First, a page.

|As ye sow, so shall ye reap.|
We’ve filled out all the papers to file bankruptcy and reviewed them with the lawyer who is handling our case. We found him in the yellow pages. He specializes in bankruptcies. My hope is that this means he knows what he is doing. I wouldn’t say that he is a class act, but for a bottom feeder he seems competent enough.
The bankruptcy court looks back 6 months from the filing date to do an earnings test. This means that we will need to wait one more month to actually file because, if we file now, my severance pay will fall into the six month period and we will fail the test. Next month—no problem. By next month my average monthly income, looking back the requisite six months, will be well below the poverty level. Isn’t it odd to be in a position to refer to that sorrowful happenstance as ‘no problem?’
The bankruptcy itself is still depressing to me. I never figured myself to be in this boat. Odd as it may seem from a logical point of view, I’d rather get a job and continue to eke out monthly payments for the rest of my life to banks that have in effect orchestrated my indenture than to use the legal means available to get out from under the burden.
I keep thinking back to the comments posted by Jigaboo at Going Concern about how I’m giving accountants a bad name. While I know his assessment isn’t accurate, or even logical in the circumstances, we do agree, Jigaboo and I, that I have failed to live up to my own sensibilities and training. Fortunately, for my own sense of self-worth, I am not alone in this failure, nor is my failure even very notable in the grand scheme of things.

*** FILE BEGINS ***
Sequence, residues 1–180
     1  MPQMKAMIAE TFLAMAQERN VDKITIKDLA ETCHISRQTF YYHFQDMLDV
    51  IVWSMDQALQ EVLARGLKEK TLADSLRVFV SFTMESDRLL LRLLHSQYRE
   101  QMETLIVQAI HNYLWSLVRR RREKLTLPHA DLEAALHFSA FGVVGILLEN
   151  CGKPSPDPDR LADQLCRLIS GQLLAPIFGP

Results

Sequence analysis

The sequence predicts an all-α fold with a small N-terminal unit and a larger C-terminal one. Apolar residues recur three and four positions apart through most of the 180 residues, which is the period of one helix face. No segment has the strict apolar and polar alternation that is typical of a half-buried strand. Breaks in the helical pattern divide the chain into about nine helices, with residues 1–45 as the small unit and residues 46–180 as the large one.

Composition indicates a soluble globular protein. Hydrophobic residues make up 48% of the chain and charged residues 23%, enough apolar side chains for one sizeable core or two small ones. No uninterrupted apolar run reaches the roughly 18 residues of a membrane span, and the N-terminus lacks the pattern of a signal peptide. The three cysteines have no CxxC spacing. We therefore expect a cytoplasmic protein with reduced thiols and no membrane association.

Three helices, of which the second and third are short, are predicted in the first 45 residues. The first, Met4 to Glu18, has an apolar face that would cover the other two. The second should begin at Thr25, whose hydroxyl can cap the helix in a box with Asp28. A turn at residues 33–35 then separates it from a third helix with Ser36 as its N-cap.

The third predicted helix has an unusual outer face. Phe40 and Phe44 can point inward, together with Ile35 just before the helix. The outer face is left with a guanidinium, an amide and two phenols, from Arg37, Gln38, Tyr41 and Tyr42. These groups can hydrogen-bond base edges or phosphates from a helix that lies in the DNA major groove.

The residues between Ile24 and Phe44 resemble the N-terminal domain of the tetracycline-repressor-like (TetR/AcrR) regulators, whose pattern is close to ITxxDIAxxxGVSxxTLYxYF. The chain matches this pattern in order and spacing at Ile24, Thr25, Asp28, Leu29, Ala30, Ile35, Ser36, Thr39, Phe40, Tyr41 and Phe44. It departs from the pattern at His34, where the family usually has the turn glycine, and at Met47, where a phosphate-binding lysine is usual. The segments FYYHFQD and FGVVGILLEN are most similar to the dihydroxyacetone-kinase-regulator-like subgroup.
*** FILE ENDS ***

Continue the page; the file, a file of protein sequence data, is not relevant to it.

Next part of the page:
The banks to which I owe money have failed in a much more spectacular fashion than I have. They haven’t actually collapsed like Lehman Brothers, but they have taken large sums of money from Treasury and borrowed large sums at zero interest from the Fed in order to stay afloat. The fact is that the banks to which I am indebted on my pesky credit cards, principally Bank of America and Citibank, are way more leveraged than I ever was, and they will, because of this, forever be precluded from calling me irresponsible.
If they can take bailout money and use it to pay huge bonuses to the executives and traders who got them into trouble in the first place, I ought not to feel too bad about taking advantage of the bankruptcy laws that were put into place to protect me from folly, my own or someone else’s. It’s just too bad that I can’t orchestrate a bankruptcy to give myself a big bonus in order to retain my talent. After all I don’t want myself running off to ply my singular penchant for nonsense on behalf of some other self. I’d rather keep my self where it is, in spite of its lackluster performance to date. Alas I fear that I may lose my self if I can’t come up with the wherewithal to offer said self an attractive and competitive compensation package.
I can’t address the failures of the big banks without also addressing the failures of their audit firms—the supposedly independent accountants whose function it is to assess the validity and value of the assets and liabilities on the banks’ financial statements and tell the rest of us whether or not they are ‘fairly stated.’ There’s been a lot written already about how these auditors have also failed in spectacular fashion. There will be a lot more written in the coming months as public and regulator focus shifts from the financial institutions that robbed us of our prosperity to the accounting firms that were supposed to keep them honest. The irony is that my friend, Jigaboo, apparently does not think that these people are making accountants look bad.